When i bought this book i had no idea that it would keep my gripped for more than a 24 hours on a flight, reading without a pause but it did. Great book, well written (i am currently reading it for a second time). In addition it also provides a counter view to the contentious views that are expressed in 'into thin air'. A true story of human endurance, bravery, extreme conditions and business competition in a world where the price of failure is death. A truely human story about one of the great mountaineers of all time, who climbed without O2. Great read and everyone i know who has read it say the same, you just can't put it down until the story has been told in full.
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15 of 16 people found the following review helpful By Lawyeraau HALL OF FAMETOP 1000 REVIEWER on 19 Sept. 2001
Format: Hardcover
This is the story of the 1996 Everest disaster which saw so many climbers perish on that mountain. It is told from the perspective of Anatoli Boukreev, who was one of the guides on the ill-fated Mountain Madness expedition to Everest. It is written almost as a rebuttal to the perceived criticism of Boukreev's actions on that ill fated climb, criticism that was voiced by author Jon Karakauer in "Into Thin Air", his definitive book about the 1996 Everest expeditions debacle.
This is a poorly written account which is oftentimes confusing. It has none of the clarity of prose found in Krakauer's "Into Thin Air". It is, however, an important chronicle from someone who was on Everest in 1996 and had a pivotal role in the tragic events that unfolded on the mountain. Boukreev provides an insider's view of the Mountain Madness expedition itself and of the preparations that go into such a journey. It is packed with many interesting details, which will delight Everest junkies.
Whether Boukreev's actions on the mountain were irresponsible in that he did not use supplementary oxygen to summit and immediately returned to camp after his successful summit bid, rather than remain with the expedition's clients, or whether he was just following the orders of the expedition leader, Scott Fischer, who himself was one of those who died on Everest in 1996, is an issue that will long be debated in mountaineering circles. There is no doubt, however, that Boukreev did, in fact, singlehandedly rescue three climbers during a raging blizzard; climbers who without his intervention would have died. Given the extreme weather conditions, his solo foray up the mountain to rescue climbers in nothing less than heroic.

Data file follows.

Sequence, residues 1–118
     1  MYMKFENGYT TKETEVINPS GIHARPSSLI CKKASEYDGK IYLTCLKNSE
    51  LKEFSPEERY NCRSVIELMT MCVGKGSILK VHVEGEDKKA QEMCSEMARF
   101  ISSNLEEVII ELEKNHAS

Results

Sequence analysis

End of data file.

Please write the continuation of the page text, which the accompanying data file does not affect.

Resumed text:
Boukreev's is an important voice in the Everest annals, more so now that his voice has been silenced. On Christmas day, 1997, he died in an avalanche on Annapurna. RIP.
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25 of 27 people found the following review helpful By John Williams TOP 1000 REVIEWERVINE VOICE on 28 July 2008
Format: Paperback Verified Purchase
Having read Into Thin Air by Jon Krakauer, I read The Climb thinking that it would complete the picture and give me a balanced view of what happened on Everest in 1996, when storms hit a number of commercial expeditions resulting in the deaths of eight climbers. It did so to a degree, and the account by Boukreev of the climb and of his rescue of three members of his expedition is certainly gripping, but there were aspects of this book that spoiled it a little for me. The most interesting part of the book is the first part, which describes the expedition and Boukreev's heroic rescue of three of his fellow climbers. The Mountain Madness debriefing transcript at the end is almost as interesting, but in a different way. In between these is sandwiched a lot of argument about Jon Krakauer's account and his criticisms of Boukreev. I found this irritating, distracting, unnecessary and undignified. The Climb is tilting at windmills here. After all, Krakauer is not unreservedly critical of Boukreev. He describes Boukreev's rescue efforts and gives him credit for them. He does also question the wisdom and motives of some of Boukreev's actions, but I think this fair enough; he wrote his account very soon after the events, and admits to the incompleteness of his knowledge. He is also critical of the Everest 'industry' in general, and most of all of himself.

The Climb is not such an engaging read as Into Thin Air. Perhaps this is because Boukreev was not a writer himself and his command of English was poor, so he had to collaborate with someone who could write, but who was not an eyewitness to the events. Krakauer has the advantage of being both a participant, an eyewitness and a good writer, so his account, while his book may have gaps and inaccuracies, is much more compelling.